BY now, so much has been written about the tragedy in Surabaya some may feel there’s nothing more to say.
It’s been almost three weeks since Puji Kuswati and her two daughters, aged nine and 12, walked into a church courtyard and detonated the explosives strapped around their waists. That’s a lifetime in news, but there’s something about the nature of this attack that demands our attention and makes it worthy of further analysis.
Puji’s husband, Dita Operanti, and her two teenage sons also carried out attacks that day. Each attacking local churches as parishioners prepared for Sunday service. In total, the three attacks killed 13 and injured about 40 others.
This would prove to be only the beginning, as later that day, and the following morning, two other families blew themselves up, taking their children with them.
The attacks sent shockwaves through Indonesia, not only because they were the deadliest since the 2002 Bali bombing, but because of their brutal and unprecedented nature: it’s the first time on Indonesian soil that parents have involved their children.
You don’t have to have to be a parent to find this troubling. What is particularly haunting is the idea of a mother standing over her infantile daughters as they detonate the deadly explosives hugging their tiny bodies.
When something disturbing takes place, questions abound. But in this particular instance, the one nagging question just begging for an answer is this: what makes a mother blow up her own child?
‘House of infidels’
“They don’t want to leave their kids in the house of infidels. They want the children to enjoy the martyrdom, the sharia,” Nava Nuraniyah, an analyst at the Institute for Policy Analysis of Conflict (IPAC) in Indonesia, told Asian Correspondent.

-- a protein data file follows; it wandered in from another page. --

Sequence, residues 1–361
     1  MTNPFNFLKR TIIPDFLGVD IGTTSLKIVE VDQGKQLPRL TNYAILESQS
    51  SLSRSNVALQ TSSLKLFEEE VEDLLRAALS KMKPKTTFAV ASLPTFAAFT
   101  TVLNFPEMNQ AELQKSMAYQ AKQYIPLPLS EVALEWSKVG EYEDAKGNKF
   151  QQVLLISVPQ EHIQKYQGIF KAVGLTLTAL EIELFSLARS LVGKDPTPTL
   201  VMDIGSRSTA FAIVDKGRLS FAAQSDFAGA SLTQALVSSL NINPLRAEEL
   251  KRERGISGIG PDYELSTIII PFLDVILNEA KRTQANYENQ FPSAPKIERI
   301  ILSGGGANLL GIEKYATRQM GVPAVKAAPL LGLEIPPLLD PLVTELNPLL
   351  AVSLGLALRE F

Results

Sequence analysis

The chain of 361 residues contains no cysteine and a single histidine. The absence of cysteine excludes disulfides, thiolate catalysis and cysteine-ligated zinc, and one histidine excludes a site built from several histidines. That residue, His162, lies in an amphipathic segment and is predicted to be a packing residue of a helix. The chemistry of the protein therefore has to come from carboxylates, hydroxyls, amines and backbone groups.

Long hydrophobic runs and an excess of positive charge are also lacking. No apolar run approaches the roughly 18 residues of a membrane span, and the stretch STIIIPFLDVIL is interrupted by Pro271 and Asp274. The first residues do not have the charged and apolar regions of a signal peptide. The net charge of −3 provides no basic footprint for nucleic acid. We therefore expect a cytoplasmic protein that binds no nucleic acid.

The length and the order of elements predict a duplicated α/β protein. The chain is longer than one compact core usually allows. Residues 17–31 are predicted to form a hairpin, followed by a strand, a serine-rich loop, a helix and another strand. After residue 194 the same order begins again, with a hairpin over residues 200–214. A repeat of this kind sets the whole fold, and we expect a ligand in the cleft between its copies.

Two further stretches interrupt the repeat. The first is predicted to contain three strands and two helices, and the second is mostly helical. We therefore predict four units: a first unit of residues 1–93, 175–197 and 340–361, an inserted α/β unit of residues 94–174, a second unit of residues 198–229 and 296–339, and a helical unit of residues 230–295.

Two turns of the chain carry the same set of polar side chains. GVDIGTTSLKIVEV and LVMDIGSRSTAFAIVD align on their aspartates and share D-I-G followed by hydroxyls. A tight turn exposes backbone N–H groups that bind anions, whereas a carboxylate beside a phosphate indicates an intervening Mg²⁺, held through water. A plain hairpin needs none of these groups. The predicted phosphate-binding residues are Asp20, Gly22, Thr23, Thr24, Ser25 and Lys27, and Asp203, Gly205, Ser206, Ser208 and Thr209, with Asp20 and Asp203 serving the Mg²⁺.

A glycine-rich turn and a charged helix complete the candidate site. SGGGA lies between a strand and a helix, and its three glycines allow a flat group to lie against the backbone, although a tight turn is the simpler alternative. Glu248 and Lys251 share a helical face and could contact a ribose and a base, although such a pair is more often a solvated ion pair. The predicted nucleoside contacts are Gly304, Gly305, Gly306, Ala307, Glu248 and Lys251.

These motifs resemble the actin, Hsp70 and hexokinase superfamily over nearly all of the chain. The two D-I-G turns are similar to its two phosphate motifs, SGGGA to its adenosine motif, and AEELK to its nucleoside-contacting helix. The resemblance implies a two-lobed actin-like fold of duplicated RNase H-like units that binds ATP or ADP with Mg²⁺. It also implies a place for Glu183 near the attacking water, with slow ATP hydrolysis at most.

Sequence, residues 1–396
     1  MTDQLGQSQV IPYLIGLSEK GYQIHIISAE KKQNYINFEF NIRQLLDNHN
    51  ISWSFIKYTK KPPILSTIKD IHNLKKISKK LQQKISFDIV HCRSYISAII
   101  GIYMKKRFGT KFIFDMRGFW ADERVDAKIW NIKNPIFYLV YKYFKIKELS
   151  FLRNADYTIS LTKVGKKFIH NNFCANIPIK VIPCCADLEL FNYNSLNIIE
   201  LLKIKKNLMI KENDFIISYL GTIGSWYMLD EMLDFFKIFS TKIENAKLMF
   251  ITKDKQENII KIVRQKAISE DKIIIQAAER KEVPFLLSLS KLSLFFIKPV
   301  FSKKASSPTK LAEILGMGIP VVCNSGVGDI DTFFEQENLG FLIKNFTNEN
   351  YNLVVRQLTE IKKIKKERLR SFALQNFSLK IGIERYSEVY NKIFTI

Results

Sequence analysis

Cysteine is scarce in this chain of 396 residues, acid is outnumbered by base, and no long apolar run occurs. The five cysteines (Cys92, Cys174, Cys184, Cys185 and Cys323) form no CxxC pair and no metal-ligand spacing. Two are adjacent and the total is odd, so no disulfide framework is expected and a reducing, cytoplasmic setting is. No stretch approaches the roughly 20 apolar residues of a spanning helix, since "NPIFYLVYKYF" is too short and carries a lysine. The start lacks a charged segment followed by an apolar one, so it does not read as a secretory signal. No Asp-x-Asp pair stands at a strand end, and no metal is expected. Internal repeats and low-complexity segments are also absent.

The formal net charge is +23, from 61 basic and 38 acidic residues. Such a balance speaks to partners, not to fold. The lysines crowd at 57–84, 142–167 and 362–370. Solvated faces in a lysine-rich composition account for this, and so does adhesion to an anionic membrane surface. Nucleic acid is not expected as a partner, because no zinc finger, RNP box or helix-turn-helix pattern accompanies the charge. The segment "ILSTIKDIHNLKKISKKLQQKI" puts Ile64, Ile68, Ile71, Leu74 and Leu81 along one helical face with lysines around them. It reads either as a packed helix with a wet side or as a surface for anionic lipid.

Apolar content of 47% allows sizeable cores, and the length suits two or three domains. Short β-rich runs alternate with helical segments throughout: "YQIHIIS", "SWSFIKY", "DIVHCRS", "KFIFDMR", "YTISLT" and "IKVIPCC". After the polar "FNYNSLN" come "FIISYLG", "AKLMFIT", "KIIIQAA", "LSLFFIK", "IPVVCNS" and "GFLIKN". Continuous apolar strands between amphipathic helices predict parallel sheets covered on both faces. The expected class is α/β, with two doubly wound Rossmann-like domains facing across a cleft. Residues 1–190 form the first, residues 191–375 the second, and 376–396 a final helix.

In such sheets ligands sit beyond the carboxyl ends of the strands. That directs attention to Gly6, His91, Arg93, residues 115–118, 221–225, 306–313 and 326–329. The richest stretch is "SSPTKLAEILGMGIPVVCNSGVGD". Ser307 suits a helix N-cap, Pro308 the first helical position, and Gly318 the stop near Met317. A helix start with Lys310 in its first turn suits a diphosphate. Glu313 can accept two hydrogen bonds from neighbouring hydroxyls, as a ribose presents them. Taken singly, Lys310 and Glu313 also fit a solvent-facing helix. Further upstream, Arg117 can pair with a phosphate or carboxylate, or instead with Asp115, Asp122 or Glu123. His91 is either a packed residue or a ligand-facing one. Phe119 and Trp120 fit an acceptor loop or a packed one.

Nava, who has researched terrorism and radicalisation in Indonesia, details cases in which women would beg their husbands to allow the entire family, children in tow, to travel to Syria to join the fighting.
The reason for the women’s insistence is a fear that, when separated, there is no “guarantee that their faith will remain consistent.” Martydom and entering into heaven together is the ultimate extreme of this thinking.
There also remains concern over the wellbeing of the children if they are left behind, not only having to live without parents in a society of “infidels,” but facing the stigma of being related to terrorists, according to Dete Aliah, director of SeRVE Indonesi, an NGO working on radicalism and violent extremism in women.
It’s likely that other families will not want to adopt them, Dete told Asian Correspondent. They will be ostracised as, as is quite often the case, the children will have been indoctrinated and radicalised too – sometimes as young as 10, Dete said.
As the role of women within terrorist organisations increases, this is becoming a more common concern.
It is only recently that women have been involved in the terrorist act itself.
Al Qaeda and their affiliated cells, in the case of Indonesia, Jemaah Islamiyah, did not consider women as players in combat. Seeing their role as strictly to mother future jihadis, those who wished to participate were actively prevented from doing so.
It was with the introduction of Islamic State (IS or ISIS) that changed all that, says Dete.
Before 2015-2016, she explains, women were very much limited to supporting roles, such as logistical arrangements and acting as couriers, for example.
“With the presence of ISIS, the role of women has evolved. ISIS is offering the opportunity to promote the conflict further, not only as a supporting role, but they can also play the main actor.”
Despite initially encouraging women to join the caliphate with their families, as mothers, teachers and propagandists, rather than as combatants, the tactics IS used opened the door for change.
“ISIS managed to turn the concept of jihad into a family affair, with a role for everyone,” Institute for Policy Analysis of Conflict (IPAC) director Sidney Jones wrote in the Sydney Morning Herald.
“Women were ‘lionesses’, children were ‘cubs’. Everyone was given a sense of mission. Only by having normal families living normal lives could ISIS hope to make a claim to functioning like a normal state.”